As the Covid-19 pandemic continues to rage across the country, it has complicated care delivery in a myriad of ways. In particular, it has stymied efforts to provide chronic disease care for disadvantaged populations. But health systems, like Philadelphia-based Jefferson Health, are not giving up — rather, they are using technology to care for these patients outside of clinics and hospitals.
This summer, Jefferson Health received a service grant from the Federal Communications Commission to aid chronic disease management in underserved communities, Dr. Kristin Rising, an emergency medicine physician and director of acute care transitions at Jefferson, said in a phone call. The system received just under $1 million, which was used to cover the cost of remote monitoring devices for patients, enabling them to engage in telehealth and safely manage their chronic diseases outside of the healthcare setting.
Jefferson has since purchased iPads (with data service for six months), as well as Bluetooth-enabled devices, such as blood pressure cuffs and scales, which can transmit data directly to platforms used by health system providers. The devices are mostly being used by patients with diabetes and cardiovascular disease.
“We have purchased thousands of these devices to distribute to patients across the Jefferson enterprise who are determined by various parameters to be particularly at-risk and underserved,” Rising said. “And to help in their chronic disease management during the pandemic from home.”
Rising organized what she calls a digital on-boarding task force, comprised solely of master’s in public health students from Jefferson’s college of population health. These students volunteered their time to help patients set up their devices and answer any questions they may have.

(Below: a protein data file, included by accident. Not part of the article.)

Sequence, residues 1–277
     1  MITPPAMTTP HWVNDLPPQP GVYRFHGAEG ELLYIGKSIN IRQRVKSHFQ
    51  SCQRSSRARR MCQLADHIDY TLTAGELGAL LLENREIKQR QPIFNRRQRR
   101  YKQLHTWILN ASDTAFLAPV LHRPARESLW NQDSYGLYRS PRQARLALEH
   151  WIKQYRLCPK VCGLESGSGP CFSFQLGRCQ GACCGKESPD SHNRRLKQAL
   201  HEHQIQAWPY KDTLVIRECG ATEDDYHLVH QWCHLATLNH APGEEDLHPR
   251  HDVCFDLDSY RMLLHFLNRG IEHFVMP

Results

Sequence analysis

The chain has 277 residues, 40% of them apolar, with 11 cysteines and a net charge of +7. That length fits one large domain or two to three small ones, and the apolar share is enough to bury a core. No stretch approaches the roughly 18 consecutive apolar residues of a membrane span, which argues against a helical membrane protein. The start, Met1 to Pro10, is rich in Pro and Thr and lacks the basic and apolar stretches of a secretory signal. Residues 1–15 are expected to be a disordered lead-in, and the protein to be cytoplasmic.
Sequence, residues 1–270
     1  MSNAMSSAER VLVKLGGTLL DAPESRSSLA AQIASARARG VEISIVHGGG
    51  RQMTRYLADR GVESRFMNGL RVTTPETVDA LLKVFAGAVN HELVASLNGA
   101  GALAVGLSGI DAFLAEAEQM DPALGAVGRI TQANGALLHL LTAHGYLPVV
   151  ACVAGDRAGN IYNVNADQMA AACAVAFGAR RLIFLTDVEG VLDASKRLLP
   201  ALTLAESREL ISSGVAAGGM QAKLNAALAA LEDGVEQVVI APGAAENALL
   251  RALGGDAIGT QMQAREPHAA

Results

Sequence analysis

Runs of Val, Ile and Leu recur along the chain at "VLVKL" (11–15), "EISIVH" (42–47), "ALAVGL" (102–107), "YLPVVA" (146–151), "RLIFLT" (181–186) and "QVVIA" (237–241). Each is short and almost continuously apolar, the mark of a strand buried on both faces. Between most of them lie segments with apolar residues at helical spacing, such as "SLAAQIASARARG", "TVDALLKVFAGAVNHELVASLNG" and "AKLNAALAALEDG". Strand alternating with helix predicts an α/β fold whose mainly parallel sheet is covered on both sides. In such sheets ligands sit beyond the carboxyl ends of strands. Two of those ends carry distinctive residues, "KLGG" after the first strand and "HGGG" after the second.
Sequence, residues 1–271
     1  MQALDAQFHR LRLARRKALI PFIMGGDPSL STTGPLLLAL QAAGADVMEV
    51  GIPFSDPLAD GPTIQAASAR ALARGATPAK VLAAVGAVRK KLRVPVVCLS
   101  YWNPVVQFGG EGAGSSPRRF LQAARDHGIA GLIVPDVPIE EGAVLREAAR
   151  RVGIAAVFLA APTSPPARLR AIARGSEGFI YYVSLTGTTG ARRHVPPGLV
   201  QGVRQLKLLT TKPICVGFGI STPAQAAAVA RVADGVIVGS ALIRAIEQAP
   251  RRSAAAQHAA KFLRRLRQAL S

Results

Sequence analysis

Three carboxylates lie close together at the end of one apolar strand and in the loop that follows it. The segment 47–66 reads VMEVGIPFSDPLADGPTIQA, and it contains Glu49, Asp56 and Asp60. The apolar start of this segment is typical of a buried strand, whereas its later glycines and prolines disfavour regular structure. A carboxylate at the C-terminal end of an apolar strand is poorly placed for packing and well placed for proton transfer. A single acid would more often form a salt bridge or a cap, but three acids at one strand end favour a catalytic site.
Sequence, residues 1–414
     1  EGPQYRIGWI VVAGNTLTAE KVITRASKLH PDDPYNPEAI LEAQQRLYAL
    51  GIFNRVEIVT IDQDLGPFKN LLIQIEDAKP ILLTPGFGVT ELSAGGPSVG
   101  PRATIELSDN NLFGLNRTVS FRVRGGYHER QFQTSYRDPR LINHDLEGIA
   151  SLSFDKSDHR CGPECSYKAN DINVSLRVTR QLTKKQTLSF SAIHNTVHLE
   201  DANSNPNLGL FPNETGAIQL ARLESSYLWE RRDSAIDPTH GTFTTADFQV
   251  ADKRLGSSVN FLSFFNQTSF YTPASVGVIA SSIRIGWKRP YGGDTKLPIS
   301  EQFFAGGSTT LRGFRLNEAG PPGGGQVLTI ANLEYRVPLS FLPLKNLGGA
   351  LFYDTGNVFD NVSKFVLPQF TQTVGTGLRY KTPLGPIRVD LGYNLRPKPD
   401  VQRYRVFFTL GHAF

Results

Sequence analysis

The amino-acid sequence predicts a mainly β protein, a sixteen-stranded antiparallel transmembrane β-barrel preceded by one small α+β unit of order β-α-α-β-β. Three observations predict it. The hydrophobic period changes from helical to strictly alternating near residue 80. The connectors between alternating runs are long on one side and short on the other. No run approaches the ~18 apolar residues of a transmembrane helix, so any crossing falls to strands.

The pandemic has also created hurdles for research examining interventions to better support chronic disease patients at Jefferson.
In 2019, Rising started a clinical trial examining whether individual nutrition counseling provided via telehealth, along with delivering medically tailored meals to patients’ homes, can improve blood sugar control among diabetics. Rising and her research team won a $3.2 million National Institutes of Health grant to conduct the trial, which aims to enroll 600 patients with uncontrolled diabetes.
The plan was to enroll patients when they came to the hospital for care. Rising’s team would approach patients in the emergency department, assess their eligibility and get their consent before enrolling them. But then, the Covid-19 pandemic hit.
“The biggest challenge, which overshadows any other challenge we might have had in set up, was Covid,” Rising said.
The team was forced to halt enrollment and rethink their plans to ensure they could safely continue, she added. They set up a process for gathering patient data and consent remotely, drawing on the electronic infrastructure already set up at Jefferson. As the pandemic progressed, a hybrid model was adopted, with some patients being enrolled in-person and others virtually. This has allowed the team to return to pre-Covid targets for enrollment. The trial recently enrolled its 100th patient.
Though she cannot provide specifics as the study is ongoing, Rising said that the clinical trial has seen strong participation so far.
“People look at telehealth in underserved populations and worry that it’s not the solution for them — or they are not going to have access, they are not going to be able to use it,” she said. “But I think when we can be thoughtful about thinking out approaches, proactively addressing some barriers the populations may be facing, then telehealth really is a valuable tool for us to be doing chronic disease management.”
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